Suspended Green Bay Packers defensive lineman Johnny Jolly was sentenced to six years in prison Thursday for violating the terms of his probation for a drug conviction. Is prison the answer or rehab? Read Full Story and watch video after the jump
State District Judge Denise Bradley imposed the sentence despite tearful pleas from Jolly and his mother, Phyllis Jolly, to allow the 6-foot-3, 325-pound lineman to be treated for his addiction to codeine instead of going to prison. Jolly’s aunt, agent and drug counselor also testified on his behalf.
“I want to go to rehab to get help,” Jolly told the judge as he wiped away tears with a tissue.
Jolly, 28, was charged with possession of a compound containing codeine, a controlled substance, after a traffic stop in Houston in October. He also was charged with tampering with evidence for attempting to conceal the substance from the investigating officers.
Jolly’s truck was pulled over after he was seen throwing a bag out the window. The bag wasn’t recovered, but Jolly was seen dumping a cup believed to contain codeine on the floor. Two bottles believed to contain codeine were recovered from the vehicle.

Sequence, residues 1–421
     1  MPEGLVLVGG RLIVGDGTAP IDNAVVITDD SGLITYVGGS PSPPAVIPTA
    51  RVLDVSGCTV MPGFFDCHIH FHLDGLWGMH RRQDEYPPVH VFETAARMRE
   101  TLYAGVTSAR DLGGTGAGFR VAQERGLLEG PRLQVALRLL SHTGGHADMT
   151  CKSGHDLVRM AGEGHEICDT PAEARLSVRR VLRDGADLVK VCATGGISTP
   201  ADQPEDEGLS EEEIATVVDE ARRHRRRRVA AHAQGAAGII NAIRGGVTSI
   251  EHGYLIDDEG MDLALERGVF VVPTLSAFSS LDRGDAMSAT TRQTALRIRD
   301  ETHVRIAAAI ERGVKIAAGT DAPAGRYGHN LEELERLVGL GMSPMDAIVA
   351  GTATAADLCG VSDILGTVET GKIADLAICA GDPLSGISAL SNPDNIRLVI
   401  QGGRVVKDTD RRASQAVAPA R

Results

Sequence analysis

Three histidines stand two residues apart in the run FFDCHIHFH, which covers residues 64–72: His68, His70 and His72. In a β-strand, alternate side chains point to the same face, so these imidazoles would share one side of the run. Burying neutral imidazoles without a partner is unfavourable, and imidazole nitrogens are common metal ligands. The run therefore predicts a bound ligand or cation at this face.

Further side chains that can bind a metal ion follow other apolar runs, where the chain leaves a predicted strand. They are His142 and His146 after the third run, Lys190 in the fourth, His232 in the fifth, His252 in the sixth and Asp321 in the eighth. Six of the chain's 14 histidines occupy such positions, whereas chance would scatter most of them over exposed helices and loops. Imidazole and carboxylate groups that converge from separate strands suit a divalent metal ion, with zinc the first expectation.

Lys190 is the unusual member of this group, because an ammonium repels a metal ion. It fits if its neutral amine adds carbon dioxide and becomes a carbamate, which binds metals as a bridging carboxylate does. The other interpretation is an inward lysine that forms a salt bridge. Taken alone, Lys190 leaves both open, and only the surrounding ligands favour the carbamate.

The arrest put Jolly in jeopardy of receiving prison time because in April he had pleaded guilty to a codeine possession charge in a deal that wiped out an earlier charge and spared him from prison unless he stumbled again.
After the hearing, Jolly’s attorney, Letitia Quinones, told The Associated Press that the player spent eight weeks in court-ordered rehab after his second arrest, but has only recently faced up to his codeine addiction.
“I don’t look at Johnny as a criminal,” Quinones said. “I look at him as an addict.”
Jolly, who grew up in Houston, was a sixth-round draft pick of the Packers in 2006 after playing at Texas A&M. He was a starter for the Packers in 2008 and 2009. However, he sat out the 2010 season after being suspended by the NFL indefinitely the previous July.